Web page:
While the debate over drilling on state land in Pennsylvania is focused on parks and forests, another state landowner is looking to collect revenue by selling public resources to the natural gas industry: the Pennsylvania Fish and Boat Commission (PFBC).
While the Department of Natural Resources and Conservation manages 117 state parks and 2.1 million acres of state forest, it doesn't manage all state lands in Pennsylvania. The PFBC controls 43,000 acres of state land and water. During a special meeting on March 7, the 10-member commission established two programs that allow it to make money from those properties.
The Natural Gas Leasing Program allows the PFBC to sell the natural gas under its properties. The program is nondevelopmental, meaning it won't allow production equipment, including wells, on PFBC property. That means drilling companies would have to access the natural gas using direction wells started outside PFBC property. The PFBC believes that won't be a problem because its property is small and discontinuous -- unlike state parks and forests -- and much of it is near existing development.
The Water Access Program sets up a system from the PFBC to "consider requests to use its property to access, acquire or transport water resources." The PFBC believes this program will minimize local impacts from drilling by reducing truck traffic in areas near development and by "placing strict rules" on water withdrawals, according to commission Vice President Robert Bachman.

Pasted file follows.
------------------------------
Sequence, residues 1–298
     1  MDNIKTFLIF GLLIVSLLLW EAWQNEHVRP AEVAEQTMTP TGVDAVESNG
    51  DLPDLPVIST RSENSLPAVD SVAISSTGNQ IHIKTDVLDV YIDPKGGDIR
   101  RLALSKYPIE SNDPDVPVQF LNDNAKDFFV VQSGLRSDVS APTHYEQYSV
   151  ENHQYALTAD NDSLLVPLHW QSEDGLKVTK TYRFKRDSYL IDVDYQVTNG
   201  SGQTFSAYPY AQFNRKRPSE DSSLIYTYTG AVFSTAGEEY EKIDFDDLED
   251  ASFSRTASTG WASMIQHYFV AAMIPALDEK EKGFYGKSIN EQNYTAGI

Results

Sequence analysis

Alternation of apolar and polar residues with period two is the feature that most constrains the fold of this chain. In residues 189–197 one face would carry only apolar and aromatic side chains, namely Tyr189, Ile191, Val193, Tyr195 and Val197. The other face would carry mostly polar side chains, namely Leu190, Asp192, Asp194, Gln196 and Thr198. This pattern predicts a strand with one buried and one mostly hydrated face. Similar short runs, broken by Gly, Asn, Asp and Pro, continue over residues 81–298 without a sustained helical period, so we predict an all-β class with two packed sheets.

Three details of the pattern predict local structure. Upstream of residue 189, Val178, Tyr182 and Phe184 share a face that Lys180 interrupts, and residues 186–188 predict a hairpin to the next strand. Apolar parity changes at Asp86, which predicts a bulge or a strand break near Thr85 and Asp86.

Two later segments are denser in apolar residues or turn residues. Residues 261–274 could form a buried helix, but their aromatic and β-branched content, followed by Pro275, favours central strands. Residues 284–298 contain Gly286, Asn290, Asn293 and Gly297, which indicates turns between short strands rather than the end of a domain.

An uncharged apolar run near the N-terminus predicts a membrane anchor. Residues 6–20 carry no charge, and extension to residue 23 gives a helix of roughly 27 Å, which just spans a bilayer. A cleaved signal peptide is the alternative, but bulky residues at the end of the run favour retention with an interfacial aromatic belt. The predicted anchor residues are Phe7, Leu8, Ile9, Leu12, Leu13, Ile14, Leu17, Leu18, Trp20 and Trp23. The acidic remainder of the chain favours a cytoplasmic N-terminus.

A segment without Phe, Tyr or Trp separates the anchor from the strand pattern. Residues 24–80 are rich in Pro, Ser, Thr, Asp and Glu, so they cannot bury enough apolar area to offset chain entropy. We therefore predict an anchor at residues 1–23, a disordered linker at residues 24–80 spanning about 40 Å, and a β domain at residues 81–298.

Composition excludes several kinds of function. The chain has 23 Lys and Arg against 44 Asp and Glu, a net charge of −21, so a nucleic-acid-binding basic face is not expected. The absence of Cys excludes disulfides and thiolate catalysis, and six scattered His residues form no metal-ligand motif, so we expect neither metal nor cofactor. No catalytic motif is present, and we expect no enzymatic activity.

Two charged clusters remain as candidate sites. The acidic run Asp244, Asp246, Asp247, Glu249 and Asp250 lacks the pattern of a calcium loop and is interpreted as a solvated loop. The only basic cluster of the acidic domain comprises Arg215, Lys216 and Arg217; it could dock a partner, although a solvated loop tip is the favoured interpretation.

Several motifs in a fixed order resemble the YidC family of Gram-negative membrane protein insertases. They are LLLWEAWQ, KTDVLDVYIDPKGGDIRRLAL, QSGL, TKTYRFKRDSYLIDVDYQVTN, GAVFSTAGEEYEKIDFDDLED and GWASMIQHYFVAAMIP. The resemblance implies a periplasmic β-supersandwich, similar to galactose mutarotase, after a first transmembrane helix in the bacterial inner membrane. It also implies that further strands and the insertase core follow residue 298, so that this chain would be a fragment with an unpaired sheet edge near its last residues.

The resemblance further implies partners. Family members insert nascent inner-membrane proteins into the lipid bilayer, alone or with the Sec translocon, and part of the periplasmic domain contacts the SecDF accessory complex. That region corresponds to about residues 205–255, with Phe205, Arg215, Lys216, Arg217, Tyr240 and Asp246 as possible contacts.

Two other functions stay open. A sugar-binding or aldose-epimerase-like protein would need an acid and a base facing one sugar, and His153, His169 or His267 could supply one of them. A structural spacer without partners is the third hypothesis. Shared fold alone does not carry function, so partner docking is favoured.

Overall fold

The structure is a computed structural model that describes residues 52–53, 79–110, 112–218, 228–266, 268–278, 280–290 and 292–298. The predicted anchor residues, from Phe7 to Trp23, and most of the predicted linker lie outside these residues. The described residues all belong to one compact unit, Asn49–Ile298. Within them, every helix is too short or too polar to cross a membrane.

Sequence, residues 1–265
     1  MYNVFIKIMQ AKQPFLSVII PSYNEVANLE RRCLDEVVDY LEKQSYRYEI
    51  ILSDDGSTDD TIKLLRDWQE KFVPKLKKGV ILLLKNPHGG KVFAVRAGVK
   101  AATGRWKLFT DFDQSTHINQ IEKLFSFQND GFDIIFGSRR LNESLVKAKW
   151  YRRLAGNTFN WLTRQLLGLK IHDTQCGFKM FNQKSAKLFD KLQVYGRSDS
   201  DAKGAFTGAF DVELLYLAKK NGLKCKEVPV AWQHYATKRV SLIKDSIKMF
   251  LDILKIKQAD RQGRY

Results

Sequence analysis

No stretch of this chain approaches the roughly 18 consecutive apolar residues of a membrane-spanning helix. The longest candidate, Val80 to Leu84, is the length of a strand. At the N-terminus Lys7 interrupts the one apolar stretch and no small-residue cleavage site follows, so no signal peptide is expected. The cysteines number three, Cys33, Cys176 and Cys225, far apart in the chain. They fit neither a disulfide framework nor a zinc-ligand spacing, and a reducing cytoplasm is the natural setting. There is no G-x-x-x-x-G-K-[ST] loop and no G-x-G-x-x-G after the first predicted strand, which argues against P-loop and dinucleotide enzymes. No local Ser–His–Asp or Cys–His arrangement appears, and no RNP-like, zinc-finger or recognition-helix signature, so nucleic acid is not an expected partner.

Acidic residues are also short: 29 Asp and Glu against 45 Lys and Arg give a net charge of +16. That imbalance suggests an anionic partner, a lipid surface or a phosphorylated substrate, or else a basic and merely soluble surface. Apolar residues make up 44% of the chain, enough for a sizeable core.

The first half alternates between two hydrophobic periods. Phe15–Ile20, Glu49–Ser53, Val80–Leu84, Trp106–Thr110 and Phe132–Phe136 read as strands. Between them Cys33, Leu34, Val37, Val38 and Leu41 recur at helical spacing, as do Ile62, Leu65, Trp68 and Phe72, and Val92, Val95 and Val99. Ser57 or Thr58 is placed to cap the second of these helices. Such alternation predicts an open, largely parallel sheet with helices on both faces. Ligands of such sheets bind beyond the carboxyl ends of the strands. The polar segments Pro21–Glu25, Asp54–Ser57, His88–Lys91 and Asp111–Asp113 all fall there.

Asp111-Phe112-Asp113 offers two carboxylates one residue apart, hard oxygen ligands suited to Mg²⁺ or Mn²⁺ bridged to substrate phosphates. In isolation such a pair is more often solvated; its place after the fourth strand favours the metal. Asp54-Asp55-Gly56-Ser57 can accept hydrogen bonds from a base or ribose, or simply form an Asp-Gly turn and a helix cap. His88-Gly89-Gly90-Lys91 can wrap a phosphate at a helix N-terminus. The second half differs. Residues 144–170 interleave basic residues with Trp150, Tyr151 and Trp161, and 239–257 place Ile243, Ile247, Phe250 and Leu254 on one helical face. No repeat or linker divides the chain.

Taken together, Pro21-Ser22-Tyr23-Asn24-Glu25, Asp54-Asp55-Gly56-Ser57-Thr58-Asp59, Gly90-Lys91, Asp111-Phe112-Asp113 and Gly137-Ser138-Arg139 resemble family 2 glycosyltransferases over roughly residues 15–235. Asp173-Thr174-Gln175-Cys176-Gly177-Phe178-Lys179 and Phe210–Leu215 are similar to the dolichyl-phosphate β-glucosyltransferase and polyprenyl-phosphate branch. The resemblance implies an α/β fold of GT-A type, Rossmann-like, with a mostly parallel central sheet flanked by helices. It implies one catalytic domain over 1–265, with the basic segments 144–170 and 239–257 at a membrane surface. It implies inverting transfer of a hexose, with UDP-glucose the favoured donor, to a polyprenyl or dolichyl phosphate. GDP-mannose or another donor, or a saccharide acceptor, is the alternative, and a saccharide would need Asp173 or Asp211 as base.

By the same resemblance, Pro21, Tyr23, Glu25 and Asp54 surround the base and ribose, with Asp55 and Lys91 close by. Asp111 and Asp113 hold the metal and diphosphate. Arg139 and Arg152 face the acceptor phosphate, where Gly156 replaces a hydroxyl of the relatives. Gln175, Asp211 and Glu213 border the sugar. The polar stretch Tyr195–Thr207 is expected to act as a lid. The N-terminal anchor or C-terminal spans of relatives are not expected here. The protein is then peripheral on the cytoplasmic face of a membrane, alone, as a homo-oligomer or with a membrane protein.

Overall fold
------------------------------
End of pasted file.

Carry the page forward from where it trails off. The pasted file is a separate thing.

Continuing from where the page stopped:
The PFBC said it would only approve projects that have "little or no impact" on resources or property use. The primary mission of the agency is to protect water resources and to provide fishing and boating opportunities for Pennsylvania's outdoor enthusiasts.
The two programs only authorize the commission to allow the activities, but actual proposals would have to get specific approval.
The PFBC does not get general fund allocations from the state and gets most of its revenue from licenses, registration and federal sources. It said the programs would help fund infrastructure projects, particularly 16 dams in serious need of repairs.
The PFBC board approved the programs on an eight to one vote, according to the Harrisburg Patriot-News. Board President William Worobec abstained from discussion and voting, citing business ties to the Marcellus Shale industry, while Commissioner G. Warren Elliot voted against the programs, saying, "I have a fundamental concern with the (commission) contracting with and receiving funds from companies that the agency has regulatory oversight and enforcement powers over."
Executive Director John Arway said the programs are a response to industry interest.
"Our plan was not to go out and market our properties," the Patriot-News reported Arway as saying.
Leasing state lands for drilling is a major point of debate in Pennsylvania. Gov. Tom Corbett likes the idea, but has not rolled back an existing moratorium on leasing and did not include revenue from additional leasing in his budget (see Shale Daily, March 9).